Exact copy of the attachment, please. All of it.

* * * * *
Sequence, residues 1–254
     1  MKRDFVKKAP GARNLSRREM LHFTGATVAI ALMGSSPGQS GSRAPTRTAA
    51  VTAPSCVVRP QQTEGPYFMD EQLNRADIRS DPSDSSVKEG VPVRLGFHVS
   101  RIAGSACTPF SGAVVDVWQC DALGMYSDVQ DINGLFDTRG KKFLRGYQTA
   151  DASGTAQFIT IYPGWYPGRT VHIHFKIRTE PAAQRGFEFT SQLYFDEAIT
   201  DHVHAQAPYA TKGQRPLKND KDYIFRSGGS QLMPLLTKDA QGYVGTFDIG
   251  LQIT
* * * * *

Sequence, residues 1–254
     1  MKRDFVKKAP GARNLSRREM LHFTGATVAI ALMGSSPGQS GSRAPTRTAA
    51  VTAPSCVVRP QQTEGPYFMD EQLNRADIRS DPSDSSVKEG VPVRLGFHVS
   101  RIAGSACTPF SGAVVDVWQC DALGMYSDVQ DINGLFDTRG KKFLRGYQTA
   151  DASGTAQFIT IYPGWYPGRT VHIHFKIRTE PAAQRGFEFT SQLYFDEAIT
   201  DHVHAQAPYA TKGQRPLKND KDYIFRSGGS QLMPLLTKDA QGYVGTFDIG
   251  LQIT